« on: January 28, 2012, 06:01:50 PM »
Thanks guys. This is incredibly helpful. Reading your responses helps take some of the edge off of my current panic. My desire to do this may be a byproduct of my current existential crisis (been in the software game a bit too long, methinks...), but I still like the idea of working in someone else's boots for a while. Comments in reply:

a LOT of people volunteer to work in breweries

Really? Somehow I find this both surprising and unsurprising at the same time. Do you think they're chasing experience like I am, or they just think they can get free beer? Knowing the competition could give me an edge in being successful. :P

if you go volunteer at a brewery they are the ones doing you a favor

I have no illusion that it is otherwise. I'd be extremely grateful to anyone who would let me in their doors on my crazy adventure.

Most of jobs in the brewer are non glamoures jobs. Lots of cleaning. Some heavy lifting.
Make sure the brewers know that you're willing to do the simple tasks like scrubbing floors or the outsides of kegs, or mucking the mash tun - things that can't really be screwed up.

I anticipated that, at best, they'd limit me to the first two. Mucking out the mash tun sounds like a blast!

I would be more interested in longer term part time commitment then a few full days and you are gone.

THAT is a most valuable response, and makes me glad I came to this forum to ask.

I would not be opposed to this. My current job is full time but flexible enough that I could squeeze in some time at a second job. Staying in this frame of mind, if it were me proposing this to you, what type of commitment would you be looking for? A number of hours per week? A number of days per week? ("Hey, just leave those kegs until Tuesday when the part-time dude is here.") How useful would weekends be? (Most of my brewery visits are done on weekends and they rarely seem busy with actual brewing activities.)

Related to this, I assume that breweries do occasionally have open positions they hire for. What's the best way to go about finding those, to understand what a brewery looks for when hiring?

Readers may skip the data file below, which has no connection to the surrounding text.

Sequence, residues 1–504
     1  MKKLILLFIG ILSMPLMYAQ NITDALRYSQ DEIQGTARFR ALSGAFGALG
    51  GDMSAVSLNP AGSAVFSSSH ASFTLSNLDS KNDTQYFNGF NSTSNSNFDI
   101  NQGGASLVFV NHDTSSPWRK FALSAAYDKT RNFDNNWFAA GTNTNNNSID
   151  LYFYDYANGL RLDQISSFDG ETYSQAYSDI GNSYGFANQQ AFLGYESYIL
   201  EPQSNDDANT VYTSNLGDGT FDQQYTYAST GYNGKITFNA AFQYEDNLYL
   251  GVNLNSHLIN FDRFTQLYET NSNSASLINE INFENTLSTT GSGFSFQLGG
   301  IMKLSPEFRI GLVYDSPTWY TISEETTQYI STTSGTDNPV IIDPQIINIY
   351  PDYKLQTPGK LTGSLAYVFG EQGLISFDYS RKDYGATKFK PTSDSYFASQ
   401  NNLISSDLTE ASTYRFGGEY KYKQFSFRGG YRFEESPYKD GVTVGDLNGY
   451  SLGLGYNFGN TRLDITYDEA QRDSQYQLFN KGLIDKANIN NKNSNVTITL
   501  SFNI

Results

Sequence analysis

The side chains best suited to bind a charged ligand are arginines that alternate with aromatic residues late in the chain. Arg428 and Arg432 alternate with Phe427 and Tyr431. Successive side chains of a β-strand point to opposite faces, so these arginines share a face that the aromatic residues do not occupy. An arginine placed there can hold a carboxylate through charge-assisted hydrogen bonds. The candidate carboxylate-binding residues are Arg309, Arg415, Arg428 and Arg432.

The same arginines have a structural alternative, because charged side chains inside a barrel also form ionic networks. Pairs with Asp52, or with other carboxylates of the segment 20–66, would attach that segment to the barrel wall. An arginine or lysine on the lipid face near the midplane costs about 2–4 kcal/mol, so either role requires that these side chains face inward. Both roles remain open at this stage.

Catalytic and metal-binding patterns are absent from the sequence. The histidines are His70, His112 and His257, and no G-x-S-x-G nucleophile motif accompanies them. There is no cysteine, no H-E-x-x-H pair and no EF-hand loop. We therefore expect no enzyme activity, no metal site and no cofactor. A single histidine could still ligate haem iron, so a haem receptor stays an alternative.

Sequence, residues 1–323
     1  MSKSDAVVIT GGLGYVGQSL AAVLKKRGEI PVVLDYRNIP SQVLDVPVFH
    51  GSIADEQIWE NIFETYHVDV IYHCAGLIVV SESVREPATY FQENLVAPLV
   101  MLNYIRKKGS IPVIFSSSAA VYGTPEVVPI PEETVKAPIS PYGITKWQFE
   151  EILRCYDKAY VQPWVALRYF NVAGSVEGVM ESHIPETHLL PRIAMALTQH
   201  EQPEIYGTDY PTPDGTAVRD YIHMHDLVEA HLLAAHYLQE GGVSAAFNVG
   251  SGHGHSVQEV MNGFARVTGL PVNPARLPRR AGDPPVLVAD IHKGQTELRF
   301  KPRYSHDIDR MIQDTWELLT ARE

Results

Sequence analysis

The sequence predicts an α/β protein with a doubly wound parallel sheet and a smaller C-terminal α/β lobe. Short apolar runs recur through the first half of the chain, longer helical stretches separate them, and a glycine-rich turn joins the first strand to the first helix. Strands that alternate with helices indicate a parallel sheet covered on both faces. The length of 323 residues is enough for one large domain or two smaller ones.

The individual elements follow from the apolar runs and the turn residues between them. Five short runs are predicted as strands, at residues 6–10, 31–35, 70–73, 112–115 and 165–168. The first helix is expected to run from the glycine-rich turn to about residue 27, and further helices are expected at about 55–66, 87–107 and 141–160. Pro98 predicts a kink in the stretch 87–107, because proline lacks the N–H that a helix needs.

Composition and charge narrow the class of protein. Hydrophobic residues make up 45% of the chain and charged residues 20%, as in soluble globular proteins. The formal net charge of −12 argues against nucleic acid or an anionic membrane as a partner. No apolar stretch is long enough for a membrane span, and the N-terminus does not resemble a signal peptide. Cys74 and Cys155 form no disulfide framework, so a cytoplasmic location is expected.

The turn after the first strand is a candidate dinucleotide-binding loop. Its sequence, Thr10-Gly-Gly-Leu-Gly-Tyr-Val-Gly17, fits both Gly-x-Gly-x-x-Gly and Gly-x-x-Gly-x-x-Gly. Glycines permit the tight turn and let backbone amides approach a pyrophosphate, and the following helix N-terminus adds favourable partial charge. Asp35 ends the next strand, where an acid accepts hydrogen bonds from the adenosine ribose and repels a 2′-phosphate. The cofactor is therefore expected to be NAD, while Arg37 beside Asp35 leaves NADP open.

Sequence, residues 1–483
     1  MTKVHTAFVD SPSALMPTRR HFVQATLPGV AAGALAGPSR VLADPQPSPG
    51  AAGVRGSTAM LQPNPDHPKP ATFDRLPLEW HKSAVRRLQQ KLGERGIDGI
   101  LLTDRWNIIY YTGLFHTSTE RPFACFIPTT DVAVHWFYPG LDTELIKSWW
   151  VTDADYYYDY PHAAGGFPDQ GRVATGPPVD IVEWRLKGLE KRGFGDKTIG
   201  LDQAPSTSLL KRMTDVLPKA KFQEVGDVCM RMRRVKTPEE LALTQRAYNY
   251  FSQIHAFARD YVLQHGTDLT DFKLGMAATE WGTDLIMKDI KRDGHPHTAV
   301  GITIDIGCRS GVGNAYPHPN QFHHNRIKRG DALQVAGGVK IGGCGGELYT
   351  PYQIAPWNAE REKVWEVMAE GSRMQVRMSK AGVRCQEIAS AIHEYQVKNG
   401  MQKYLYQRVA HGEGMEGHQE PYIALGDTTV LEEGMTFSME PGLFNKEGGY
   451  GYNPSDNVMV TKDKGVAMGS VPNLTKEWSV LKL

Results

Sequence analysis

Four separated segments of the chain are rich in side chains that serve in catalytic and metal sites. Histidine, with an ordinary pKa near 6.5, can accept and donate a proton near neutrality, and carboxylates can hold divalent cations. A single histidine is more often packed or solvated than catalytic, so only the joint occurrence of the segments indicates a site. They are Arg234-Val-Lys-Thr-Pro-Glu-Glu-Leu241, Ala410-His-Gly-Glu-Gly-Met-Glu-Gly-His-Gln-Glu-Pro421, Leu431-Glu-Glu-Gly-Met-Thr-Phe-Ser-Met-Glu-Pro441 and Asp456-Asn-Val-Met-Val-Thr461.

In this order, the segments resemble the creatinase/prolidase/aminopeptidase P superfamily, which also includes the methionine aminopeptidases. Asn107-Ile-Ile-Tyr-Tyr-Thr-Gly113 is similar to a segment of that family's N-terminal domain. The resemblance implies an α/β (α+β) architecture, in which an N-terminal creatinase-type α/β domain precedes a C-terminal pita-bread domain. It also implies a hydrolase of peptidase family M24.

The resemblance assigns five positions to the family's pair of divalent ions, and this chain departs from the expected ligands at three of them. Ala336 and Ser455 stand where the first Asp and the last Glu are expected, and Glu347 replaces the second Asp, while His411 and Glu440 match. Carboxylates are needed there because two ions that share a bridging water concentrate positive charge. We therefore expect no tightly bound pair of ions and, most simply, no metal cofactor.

Also, another approach I've been considering as a first step is to ask a few brewers to do an informational interview. Just a 1/2 hour of doing one-on-one Q&A with me. How do you think that would go over?

Again, thanks for your responses, guys. I really appreciate it. This is very helpful.

Going Pro / Brewery internship?
« on: January 28, 2012, 01:57:30 AM »
The short version: What's the best way to go about contacting a brewery to offer myself as free labor in the brewery for a week or a month, in exchange for simply being there and learning more about how a brewery is run?

The long version: I'm employed full time in the software industry, but I'm contemplating a change in career. I enjoy beer and brewing and they say you should do what you love. I'm nowhere near ready to go pro, but maybe ready to apply to a fermentation science program and go the academic route.

But I want to know what working in a brewery is really like. My job affords me a lengthy vacation, during which time I'd like to offer myself to a local brewery (I'm in Seattle, so there are plenty to pick from) as free labor for a week or a month. Maybe multiple weeks at different breweries, if they'll have me. In exchange, all I ask is that I be allowed to observe and ask questions about the brewing process. Consider it an internship.

How do you think a brewery would react to this offer? Would they be likely to take it? Who would be the best person to contact? The head brewer or HR or the owner?

I realize that the obvious answer here is just to go ask some breweries. No penalty for trying, eh?  Problem is that I'm a bit of the shy type. Introverted, maybe. I have a hard time striking up conversations with strangers. In person, anyway; I've got no problem spilling my heart out to all you folks on an Internet forum. ;)  So the idea of waltzing into a brewery and trying to get the attention of one of the proprietors and pitch them my idea is scary to me. I'd like to prepare myself with a good approach and a good pitch, hence a little asking about on the ol' Internets.

Your opinion desired.